The presence or the lack of hand controllers at this point in time pretty much defines major difference. For the moment the Oculus Rift provides more stationary VR experiences where you probably sit in your chair while using the device, while the HTC Vive is focusing on more interactive and “active” action where you move around. Of course when Oculus ships their touch controllers things will probably get similar for both devices, especially when developers see that there is not much point in making exclusive titles for one of the devices with the VR market still so small.
The HTC Vive does seem at this point a bit more bothersome to setup and it requires more free space around your computer, so that you will be able to move around freely without hitting obstacles. It comes with two sensors that are used to setup a “working perimeter” and track your movement in the real world and then translate this into virtual world movement. The Oculus Rift currently uses only one sensor, but the touch controllers will come with an additional sensor for better tracking, so setting up things will probably look the same for both with the hand controllers. The HTC Vive controllers do seem a bit large and not so comfortable, while the Oculus touch doe seem to be more compact and it could turn up a more convenient solution, but we’ll have to wait and see.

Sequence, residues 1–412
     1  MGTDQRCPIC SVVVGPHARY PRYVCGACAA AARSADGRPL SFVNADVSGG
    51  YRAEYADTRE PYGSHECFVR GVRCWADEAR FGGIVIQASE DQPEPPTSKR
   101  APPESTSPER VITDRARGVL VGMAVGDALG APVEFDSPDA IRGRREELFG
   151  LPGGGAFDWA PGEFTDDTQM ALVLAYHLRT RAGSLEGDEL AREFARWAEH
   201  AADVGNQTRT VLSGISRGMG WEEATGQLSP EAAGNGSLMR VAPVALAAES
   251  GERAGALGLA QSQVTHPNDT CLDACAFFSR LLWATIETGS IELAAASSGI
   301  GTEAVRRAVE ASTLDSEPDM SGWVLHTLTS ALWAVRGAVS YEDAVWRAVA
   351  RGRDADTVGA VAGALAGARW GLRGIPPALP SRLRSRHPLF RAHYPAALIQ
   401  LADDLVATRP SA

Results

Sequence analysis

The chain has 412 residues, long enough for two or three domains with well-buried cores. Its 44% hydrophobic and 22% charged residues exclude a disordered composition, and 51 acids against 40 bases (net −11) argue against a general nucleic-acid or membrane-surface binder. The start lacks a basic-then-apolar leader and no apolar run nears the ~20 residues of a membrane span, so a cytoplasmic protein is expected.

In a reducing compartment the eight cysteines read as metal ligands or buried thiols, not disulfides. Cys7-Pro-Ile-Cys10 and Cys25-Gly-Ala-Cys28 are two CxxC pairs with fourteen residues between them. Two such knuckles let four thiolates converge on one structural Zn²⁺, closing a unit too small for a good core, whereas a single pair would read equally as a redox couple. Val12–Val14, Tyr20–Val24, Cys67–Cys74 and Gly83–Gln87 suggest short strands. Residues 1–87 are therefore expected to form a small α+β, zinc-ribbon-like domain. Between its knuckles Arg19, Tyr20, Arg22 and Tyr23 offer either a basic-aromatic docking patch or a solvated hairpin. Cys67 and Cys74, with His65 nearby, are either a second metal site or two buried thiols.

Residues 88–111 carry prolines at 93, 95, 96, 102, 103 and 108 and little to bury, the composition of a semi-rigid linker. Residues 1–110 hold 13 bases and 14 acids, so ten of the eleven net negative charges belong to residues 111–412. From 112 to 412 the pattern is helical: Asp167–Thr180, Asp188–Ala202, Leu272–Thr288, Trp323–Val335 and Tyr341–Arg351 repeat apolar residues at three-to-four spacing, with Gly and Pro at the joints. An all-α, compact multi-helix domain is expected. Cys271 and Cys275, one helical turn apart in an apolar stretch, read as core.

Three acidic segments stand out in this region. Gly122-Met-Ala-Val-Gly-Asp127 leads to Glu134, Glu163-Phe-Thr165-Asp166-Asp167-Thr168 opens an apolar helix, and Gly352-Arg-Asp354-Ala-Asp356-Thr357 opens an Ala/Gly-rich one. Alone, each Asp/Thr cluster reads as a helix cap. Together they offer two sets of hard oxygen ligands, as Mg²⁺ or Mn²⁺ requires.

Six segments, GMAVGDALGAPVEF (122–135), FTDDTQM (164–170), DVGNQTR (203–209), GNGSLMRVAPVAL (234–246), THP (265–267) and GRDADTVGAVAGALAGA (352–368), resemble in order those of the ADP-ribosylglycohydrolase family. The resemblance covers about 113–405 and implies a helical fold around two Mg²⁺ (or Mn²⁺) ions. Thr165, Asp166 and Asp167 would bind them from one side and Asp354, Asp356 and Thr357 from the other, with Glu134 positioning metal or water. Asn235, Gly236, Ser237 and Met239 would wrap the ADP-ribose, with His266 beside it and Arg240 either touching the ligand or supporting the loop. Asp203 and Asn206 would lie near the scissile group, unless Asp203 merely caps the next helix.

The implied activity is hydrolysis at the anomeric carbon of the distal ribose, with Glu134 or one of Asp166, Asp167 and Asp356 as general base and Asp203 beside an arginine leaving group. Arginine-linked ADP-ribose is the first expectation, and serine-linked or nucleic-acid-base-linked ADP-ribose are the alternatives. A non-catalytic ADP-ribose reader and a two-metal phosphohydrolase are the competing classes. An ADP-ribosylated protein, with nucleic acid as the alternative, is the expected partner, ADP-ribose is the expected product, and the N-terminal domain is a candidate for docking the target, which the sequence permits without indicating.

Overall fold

A bit about the Nvidia VR Funhouse demo that I’ve tried. It is a fun little demonstration of the level of interaction in the virtual world that you can achieve and it is Ok as a demonstration, but you probably will not be willing to replay it often. Not that you can since it is not yet publicly available, although it seems that Nvidia will be releasing it as a demo and in the form of a source code as well for developers. The VR Funhouse demo is quit heavy as it employs a lot of Nvidia technologies to make it look and feel as realistic as possible, maybe apart from the graphics that is a bit more cartoon-ish. Still the experience feels quite nice while you run through the various short games that you play inside the demo – hitting stuff, breaking stuff, shooting stuff, throwing stuff. It is easy and fun, though you might replay again some of the first games in order to get the hang of things initially. The only thing that felt a bit weird was the virtual world object placement relative to the hand controllers, in some of the games inside the VR Funhouse the positioning on top of the controllers made it feel a bit weird to get a good feel on where to throw the object exactly.